Acne presenting in adult women is commonly encountered in clinical practice. Many affected women have had acne during their teenaged years, have tried several therapies in the past, and are seeking effective treatment. Others are frustrated by the inexplicable emergence of acne as an adult when they never had it as a teenager. Both groups seek an explanation of why they have acne, are often psychosocially affected by its effects on appearance and self-esteem, and all are wanting effective and safe treatment. Clinicians are encouraged to connect favorably with each patient through careful history and physical examination and to consider underlying causes of androgen excess. Practical approaches to examination and laboratory evaluation are discussed.
Cutis. 2015 October;96(4):236-241.
James Q. Del Rosso, DO; Julie C. Harper, MD; Emmy M. Graber, MD, MBA; Diane Thiboutot, MD; Nanette B. Silverberg, MD; Dawn Zhang Eichenfield, PhD; Lawrence F. Eichenfield, MD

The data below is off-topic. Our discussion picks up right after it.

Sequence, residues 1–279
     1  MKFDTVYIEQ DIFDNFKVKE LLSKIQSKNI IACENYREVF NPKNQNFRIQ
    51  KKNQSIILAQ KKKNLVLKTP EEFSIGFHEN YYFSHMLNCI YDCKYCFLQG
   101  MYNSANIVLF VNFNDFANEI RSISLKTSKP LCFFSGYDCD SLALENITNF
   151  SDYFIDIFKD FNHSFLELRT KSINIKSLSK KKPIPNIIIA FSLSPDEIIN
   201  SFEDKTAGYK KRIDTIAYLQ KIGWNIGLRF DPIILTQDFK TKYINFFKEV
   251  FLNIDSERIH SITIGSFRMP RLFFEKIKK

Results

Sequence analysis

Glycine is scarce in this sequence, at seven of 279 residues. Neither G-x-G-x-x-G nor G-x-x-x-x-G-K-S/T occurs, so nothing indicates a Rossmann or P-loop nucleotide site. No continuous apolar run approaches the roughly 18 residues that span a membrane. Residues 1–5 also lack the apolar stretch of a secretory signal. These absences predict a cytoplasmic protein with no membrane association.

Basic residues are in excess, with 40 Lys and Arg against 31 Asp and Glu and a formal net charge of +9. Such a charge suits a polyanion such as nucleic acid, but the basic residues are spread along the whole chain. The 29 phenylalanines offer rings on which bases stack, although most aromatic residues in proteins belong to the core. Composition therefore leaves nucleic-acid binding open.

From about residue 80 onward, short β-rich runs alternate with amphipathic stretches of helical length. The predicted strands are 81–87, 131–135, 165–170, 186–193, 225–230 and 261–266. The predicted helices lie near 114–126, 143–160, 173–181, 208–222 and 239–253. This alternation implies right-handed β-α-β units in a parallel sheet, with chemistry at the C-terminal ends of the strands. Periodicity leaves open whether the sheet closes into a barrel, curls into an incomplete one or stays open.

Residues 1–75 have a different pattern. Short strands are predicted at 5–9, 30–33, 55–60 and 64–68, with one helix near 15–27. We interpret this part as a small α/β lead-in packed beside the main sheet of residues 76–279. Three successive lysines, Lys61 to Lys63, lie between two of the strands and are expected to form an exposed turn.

The epidemiology, clinical presentation, and clinical and laboratory evaluation of AV in adult females was reviewed in part 1 of this 3-part series. It is important for the clinician to assess the clinical presentation, psychosocial effects, and the possibility of underlying causes of androgen excess. In part 2, skin care and topical management of AV in adult females will be discussed.
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Medical Management of Acne in Adult Women
Part 1: Overview, Clinical Characteristics, and Laboratory Evaluation